It seems like one of those old traditional bands, 15 of us hanging off the edge and it was fantastic. So from my point of view, it doesn’t matter. There is something great about the really tight and packed spaces. We played in spaces where I have been worried about it. We could hear the stacks to fall, you know. But I love the kind of collective catharsis that the Destroyer can engender.
Ma: I saw you in the audience at the gig of the Birmingham band Goodnight Lenin at Espirito Brum Festival. How are you involved to the new music of Birmingham?
Paul Muprhy: Yes, Songwriter’s café was that kind of philosophy and when we first started it was in city centre. I supposed it is parts of being a teacher but I love kind of encouraging talent particularly, obviously, because I am a songwriter. I had Goodnight Lenin here for Songwriter’s café with only 40 people in the audience, a little stage and fire burning. It was beautiful.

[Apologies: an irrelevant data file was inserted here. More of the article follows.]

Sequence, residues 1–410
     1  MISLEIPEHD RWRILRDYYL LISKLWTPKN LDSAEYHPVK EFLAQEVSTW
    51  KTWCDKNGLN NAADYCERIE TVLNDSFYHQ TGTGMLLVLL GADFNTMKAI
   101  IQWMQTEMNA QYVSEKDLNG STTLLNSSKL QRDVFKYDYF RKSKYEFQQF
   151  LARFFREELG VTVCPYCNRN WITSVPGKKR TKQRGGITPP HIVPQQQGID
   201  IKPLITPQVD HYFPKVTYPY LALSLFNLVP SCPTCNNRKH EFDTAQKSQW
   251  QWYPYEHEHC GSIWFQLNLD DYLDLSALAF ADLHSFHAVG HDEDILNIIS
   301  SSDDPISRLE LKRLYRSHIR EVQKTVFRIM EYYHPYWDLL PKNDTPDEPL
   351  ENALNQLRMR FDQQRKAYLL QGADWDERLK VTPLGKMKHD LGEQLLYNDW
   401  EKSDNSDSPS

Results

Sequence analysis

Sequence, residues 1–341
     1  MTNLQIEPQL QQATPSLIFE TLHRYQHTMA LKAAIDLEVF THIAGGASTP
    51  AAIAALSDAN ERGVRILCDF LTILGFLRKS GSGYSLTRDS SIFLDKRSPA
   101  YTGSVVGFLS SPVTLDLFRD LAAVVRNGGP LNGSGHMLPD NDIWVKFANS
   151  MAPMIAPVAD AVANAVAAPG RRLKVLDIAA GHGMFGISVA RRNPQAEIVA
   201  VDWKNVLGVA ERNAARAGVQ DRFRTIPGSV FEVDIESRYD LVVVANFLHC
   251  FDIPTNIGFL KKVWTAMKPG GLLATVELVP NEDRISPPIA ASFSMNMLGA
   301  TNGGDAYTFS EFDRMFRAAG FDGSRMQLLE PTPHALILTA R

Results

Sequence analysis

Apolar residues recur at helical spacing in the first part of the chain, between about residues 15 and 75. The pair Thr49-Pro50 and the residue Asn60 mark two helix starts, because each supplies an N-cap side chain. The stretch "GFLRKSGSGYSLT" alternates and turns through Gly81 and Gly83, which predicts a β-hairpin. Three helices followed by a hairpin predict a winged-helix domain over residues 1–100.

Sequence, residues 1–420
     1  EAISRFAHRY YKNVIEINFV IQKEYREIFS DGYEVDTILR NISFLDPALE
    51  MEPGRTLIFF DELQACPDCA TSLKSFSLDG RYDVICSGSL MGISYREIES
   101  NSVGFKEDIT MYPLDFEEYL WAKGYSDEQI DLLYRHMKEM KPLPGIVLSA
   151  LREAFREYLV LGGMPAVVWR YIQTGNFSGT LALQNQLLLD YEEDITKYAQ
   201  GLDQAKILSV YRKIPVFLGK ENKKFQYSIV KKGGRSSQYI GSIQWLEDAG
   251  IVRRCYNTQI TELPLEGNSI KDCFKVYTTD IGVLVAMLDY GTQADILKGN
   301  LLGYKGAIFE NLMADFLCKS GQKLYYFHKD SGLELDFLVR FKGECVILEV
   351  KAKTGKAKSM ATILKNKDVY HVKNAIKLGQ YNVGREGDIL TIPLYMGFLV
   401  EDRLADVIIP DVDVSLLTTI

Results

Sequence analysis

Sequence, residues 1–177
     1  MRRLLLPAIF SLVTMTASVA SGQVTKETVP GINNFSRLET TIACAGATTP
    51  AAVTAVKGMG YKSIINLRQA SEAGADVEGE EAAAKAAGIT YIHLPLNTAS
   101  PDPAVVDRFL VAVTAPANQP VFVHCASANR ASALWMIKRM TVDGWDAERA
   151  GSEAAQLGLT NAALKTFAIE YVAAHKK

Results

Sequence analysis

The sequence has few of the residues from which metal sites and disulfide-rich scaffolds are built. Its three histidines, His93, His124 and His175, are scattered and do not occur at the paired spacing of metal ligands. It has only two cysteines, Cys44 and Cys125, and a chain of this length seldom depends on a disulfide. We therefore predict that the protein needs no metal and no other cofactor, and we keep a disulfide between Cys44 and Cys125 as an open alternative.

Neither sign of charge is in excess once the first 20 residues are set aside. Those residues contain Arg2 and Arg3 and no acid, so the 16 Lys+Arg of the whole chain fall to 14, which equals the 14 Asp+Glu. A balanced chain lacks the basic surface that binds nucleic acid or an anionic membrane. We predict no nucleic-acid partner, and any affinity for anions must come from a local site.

We had Simon (Fowler), from Ocean Colour Scene. He used to came and play at Songwriters. So on Sunday afternoon we had 12 artists, every Sunday afternoon with an audience up to 200 people listening to the song, loads of young song writers came through.
So, that was part of the philosophy of thing to shining a light at the new talent. You know, it is a nice big space and it was every Sunday afternoon and it is a free event. I love encourage song writers like Goodnight Lenin that are an inspiring young band.
Simon, obviously, was already kind of famous; the Ocean Colour Scene were already in the charts so it was fantastic that Simon used to come and brought really interesting other musicians. So the young musicians had the feeling of “oh, we are playing at the same stage that Simon, from Ocean Colour Scene” so everybody got fucking mad to get their songs right. Do you know what I mean? It raises the aspiration and encourages people to write.